“We were only able to understand the functioning of the new nanoporous hybrid material with the help of computer simulations of micromechanics. Now, however, we can precisely predict them and thus develop strategies to optimize them for applications,” adds Norbert Huber from the Helmholtz-Zentrum Geesthacht for Coastal and Materials Research, who led the analysis of the muscle function at the nanoscale. “In the mechanical functional analysis, we were helped above all by high-resolution electron microscopic images that made the small muscles in the hundreds of billions of nanopores per square centimeter of silicon visible,” adds Claudia Richter, one of Norbert Huber's doctoral students, who also worked with Tobias Krekeler from the Electron Microscopy Unit at the TU Hamburg.

Using DESY's PETRA III X-ray microscope, the authors have now even been able to observe live how, driven by the muscle molecules, the silicon atoms move back and forth in time with the small electrical voltages and how in detail this concerted movement at the nanoscale makes the deformation at the macroscale possible.

The new material design is an example of how the physics peculiar to the nanoscale can be combined with self-organization principles from the nano to the macro scales to give a classic base material of enormous technological importance a completely new functionality, i.e. muscle power. “It was a lot of fun in this interdisciplinary team to see how we can artificially imitate design principles for materials that nature has long used to achieve the fascinating variety of forms and functions of ‘living’ materials. We have thus developed a new type of hybrid base material with actuator properties that will enable us make tomorrow's technology more bio-inspired and thus more sustainable,” concludes lead researcher Patrick Huber.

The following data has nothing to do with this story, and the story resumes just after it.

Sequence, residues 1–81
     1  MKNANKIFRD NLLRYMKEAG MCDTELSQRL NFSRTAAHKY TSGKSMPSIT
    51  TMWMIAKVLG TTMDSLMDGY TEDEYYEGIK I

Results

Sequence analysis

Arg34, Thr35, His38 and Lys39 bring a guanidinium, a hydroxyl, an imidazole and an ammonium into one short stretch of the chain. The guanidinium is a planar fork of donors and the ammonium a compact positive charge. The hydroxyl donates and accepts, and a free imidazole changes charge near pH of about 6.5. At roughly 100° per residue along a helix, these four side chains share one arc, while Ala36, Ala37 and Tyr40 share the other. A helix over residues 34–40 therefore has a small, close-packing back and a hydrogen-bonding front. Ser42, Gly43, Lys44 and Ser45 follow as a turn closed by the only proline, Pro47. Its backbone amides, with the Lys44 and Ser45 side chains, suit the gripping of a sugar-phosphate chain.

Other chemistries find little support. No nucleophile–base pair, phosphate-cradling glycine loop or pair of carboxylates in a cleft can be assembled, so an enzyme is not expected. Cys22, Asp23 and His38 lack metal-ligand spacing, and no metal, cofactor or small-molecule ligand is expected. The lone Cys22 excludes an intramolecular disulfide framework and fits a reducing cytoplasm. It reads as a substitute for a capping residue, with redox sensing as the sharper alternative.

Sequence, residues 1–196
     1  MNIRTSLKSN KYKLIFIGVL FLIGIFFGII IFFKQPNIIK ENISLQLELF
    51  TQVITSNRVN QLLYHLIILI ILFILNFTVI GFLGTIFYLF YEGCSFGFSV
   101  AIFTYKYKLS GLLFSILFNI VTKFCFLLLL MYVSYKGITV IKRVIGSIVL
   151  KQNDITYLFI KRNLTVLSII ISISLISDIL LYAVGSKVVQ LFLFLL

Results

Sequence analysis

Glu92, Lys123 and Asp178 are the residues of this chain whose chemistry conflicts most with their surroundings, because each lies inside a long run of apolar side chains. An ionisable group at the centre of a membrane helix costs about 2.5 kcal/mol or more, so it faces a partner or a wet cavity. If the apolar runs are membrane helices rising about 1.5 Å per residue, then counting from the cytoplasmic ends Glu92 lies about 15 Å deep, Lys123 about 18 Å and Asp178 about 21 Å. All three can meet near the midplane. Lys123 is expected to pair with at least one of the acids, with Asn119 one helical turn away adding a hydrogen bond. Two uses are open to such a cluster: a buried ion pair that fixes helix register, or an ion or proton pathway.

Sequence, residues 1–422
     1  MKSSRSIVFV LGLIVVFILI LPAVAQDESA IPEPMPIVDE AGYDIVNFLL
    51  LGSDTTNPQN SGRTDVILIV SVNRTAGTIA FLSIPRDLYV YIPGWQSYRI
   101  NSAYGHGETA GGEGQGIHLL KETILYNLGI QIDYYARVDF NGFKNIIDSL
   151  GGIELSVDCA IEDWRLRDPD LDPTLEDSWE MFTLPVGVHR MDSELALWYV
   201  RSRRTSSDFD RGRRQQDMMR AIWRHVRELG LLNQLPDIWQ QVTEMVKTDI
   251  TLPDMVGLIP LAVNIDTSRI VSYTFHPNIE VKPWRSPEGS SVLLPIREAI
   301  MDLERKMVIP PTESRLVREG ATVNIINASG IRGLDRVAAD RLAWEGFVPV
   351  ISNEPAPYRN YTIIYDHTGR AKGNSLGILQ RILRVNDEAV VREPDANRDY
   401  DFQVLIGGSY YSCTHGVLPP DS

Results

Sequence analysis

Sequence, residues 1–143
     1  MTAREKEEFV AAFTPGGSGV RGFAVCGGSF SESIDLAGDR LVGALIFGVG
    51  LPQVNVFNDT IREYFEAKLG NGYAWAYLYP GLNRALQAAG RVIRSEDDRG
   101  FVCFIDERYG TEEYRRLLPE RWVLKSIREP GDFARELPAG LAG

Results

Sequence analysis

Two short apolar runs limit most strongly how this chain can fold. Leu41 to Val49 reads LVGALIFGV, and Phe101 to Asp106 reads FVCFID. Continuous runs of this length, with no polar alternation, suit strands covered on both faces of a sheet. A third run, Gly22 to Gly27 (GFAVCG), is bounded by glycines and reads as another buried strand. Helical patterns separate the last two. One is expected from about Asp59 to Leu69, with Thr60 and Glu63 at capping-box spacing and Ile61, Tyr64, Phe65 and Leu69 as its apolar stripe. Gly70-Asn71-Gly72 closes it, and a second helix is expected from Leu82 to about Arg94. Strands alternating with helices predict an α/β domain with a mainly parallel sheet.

In addition to silicon with muscles, many other new material systems are being explored in the Collaborative Research Center SFB 986 at the TU Hamburg. These are also part of the newly established Center for Integrated Multiscale Materials Systems, CIMMS for short, which received funding of almost four million euros over a total of four years from Hamburg’s Ministry of Science, Research, Equality and Districts in January 2020. In addition to the TU Hamburg, researchers from the University of Hamburg, DESY and Helmholtz-Zentrum Geesthacht are working together on the project. Patrick Huber recently became head of the research group “Physics of Materials and High-Resolution X-ray Analytics of the Structural Dynamics and Function of Matter” in CIMMS within a cooperative professorship between DESY and TUHH with a link to the Center for Hybrid Nanostructures CHyN at the University of Hamburg.

(Source: Press release from TU Hamburg on the new hybrid material / DESY news)


Reference (New hybrid material):

Giant electrochemical actuation in a nanoporous silicon-polypyrrole hybrid material; Manuel Brinker, Guido Dittrich, Claudia Richert, Pirmin Lakner, Tobias Krekeler, Thomas F. Keller, Norbert Huber, Patrick Huber; Science Advances, 2020; DOI: 10.1126/sciadv.aba1483